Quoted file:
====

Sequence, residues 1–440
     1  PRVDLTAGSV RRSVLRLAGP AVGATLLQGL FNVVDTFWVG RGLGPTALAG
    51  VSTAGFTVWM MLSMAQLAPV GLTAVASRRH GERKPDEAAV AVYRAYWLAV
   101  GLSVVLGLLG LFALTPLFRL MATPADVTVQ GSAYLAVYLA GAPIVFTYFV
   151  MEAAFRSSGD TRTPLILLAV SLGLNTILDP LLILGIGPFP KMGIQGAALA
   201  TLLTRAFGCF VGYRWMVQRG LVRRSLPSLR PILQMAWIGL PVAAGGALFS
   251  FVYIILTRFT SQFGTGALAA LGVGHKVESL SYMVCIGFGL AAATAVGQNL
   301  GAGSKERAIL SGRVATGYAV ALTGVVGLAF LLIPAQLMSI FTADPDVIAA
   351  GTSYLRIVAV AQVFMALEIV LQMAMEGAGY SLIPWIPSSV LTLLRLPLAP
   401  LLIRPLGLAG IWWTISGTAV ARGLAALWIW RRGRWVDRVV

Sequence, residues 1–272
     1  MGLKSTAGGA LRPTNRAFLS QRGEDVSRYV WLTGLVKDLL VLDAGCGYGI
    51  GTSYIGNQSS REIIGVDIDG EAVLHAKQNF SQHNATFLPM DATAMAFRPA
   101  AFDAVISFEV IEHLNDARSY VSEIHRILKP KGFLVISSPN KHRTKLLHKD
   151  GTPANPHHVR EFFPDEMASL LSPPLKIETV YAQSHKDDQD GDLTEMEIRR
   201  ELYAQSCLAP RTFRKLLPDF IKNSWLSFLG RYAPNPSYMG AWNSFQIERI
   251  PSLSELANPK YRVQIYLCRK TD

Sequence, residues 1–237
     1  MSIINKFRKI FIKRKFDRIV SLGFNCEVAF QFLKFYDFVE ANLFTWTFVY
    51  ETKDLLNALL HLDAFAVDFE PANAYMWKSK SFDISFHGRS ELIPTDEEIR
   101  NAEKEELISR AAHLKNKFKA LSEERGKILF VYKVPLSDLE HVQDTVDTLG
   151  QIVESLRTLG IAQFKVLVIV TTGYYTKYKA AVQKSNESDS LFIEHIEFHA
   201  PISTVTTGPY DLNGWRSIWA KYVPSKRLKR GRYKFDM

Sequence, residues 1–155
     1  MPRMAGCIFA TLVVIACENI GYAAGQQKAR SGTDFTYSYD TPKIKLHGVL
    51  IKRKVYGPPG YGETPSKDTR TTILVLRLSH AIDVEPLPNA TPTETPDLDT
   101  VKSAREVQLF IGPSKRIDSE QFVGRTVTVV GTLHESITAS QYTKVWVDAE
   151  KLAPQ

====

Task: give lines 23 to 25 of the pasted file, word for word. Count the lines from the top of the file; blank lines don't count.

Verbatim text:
   201  PISTVTTGPY DLNGWRSIWA KYVPSKRLKR GRYKFDM

Sequence, residues 1–155
     1  MPRMAGCIFA TLVVIACENI GYAAGQQKAR SGTDFTYSYD TPKIKLHGVL